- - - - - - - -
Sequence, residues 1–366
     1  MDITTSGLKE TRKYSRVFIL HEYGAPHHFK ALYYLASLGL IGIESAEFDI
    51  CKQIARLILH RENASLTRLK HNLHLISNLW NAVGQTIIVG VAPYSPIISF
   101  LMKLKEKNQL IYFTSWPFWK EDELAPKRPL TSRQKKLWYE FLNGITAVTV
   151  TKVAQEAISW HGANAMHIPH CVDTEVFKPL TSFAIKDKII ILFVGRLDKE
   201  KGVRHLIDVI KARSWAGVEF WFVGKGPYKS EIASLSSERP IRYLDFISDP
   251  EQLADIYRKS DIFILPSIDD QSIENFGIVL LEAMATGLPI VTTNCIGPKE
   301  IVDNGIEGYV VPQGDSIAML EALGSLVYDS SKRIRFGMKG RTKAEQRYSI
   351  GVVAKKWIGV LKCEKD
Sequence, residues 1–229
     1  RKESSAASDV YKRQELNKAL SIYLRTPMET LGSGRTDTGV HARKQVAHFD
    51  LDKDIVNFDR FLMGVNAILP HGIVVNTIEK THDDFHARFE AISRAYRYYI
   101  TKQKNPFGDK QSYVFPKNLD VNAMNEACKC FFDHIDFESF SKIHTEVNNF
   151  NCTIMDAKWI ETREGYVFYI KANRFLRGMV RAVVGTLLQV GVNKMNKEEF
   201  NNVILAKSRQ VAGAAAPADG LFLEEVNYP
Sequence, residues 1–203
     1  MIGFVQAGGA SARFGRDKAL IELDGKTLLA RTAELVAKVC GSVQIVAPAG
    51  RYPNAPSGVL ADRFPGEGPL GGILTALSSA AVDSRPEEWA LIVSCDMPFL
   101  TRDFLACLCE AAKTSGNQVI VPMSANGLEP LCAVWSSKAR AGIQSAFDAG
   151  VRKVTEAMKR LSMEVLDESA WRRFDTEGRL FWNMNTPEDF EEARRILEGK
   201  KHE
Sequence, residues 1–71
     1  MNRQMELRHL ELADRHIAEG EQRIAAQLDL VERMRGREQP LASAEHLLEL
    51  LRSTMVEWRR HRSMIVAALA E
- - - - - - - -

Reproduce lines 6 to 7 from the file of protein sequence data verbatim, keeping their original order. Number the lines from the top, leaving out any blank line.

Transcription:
   201  KGVRHLIDVI KARSWAGVEF WFVGKGPYKS EIASLSSERP IRYLDFISDP
   251  EQLADIYRKS DIFILPSIDD QSIENFGIVL LEAMATGLPI VTTNCIGPKE